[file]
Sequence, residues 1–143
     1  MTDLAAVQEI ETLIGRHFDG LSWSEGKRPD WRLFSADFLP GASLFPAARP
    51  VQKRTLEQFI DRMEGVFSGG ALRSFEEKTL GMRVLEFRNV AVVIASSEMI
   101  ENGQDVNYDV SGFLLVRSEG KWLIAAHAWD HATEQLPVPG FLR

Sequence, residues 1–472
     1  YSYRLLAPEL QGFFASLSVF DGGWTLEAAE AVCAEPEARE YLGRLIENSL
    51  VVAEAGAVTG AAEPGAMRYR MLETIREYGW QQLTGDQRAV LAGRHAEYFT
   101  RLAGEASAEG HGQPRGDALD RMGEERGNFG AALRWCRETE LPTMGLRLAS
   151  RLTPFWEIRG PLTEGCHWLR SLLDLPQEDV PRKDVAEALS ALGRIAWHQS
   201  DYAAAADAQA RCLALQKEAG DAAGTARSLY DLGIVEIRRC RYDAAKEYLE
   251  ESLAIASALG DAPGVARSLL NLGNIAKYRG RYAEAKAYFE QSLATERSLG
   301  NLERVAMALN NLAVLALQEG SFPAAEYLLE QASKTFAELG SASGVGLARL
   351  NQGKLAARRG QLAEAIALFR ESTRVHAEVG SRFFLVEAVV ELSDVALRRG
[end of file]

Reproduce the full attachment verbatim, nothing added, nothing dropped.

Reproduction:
Sequence, residues 1–143
     1  MTDLAAVQEI ETLIGRHFDG LSWSEGKRPD WRLFSADFLP GASLFPAARP
    51  VQKRTLEQFI DRMEGVFSGG ALRSFEEKTL GMRVLEFRNV AVVIASSEMI
   101  ENGQDVNYDV SGFLLVRSEG KWLIAAHAWD HATEQLPVPG FLR

Sequence, residues 1–472
     1  YSYRLLAPEL QGFFASLSVF DGGWTLEAAE AVCAEPEARE YLGRLIENSL
    51  VVAEAGAVTG AAEPGAMRYR MLETIREYGW QQLTGDQRAV LAGRHAEYFT
   101  RLAGEASAEG HGQPRGDALD RMGEERGNFG AALRWCRETE LPTMGLRLAS
   151  RLTPFWEIRG PLTEGCHWLR SLLDLPQEDV PRKDVAEALS ALGRIAWHQS
   201  DYAAAADAQA RCLALQKEAG DAAGTARSLY DLGIVEIRRC RYDAAKEYLE
   251  ESLAIASALG DAPGVARSLL NLGNIAKYRG RYAEAKAYFE QSLATERSLG
   301  NLERVAMALN NLAVLALQEG SFPAAEYLLE QASKTFAELG SASGVGLARL
   351  NQGKLAARRG QLAEAIALFR ESTRVHAEVG SRFFLVEAVV ELSDVALRRG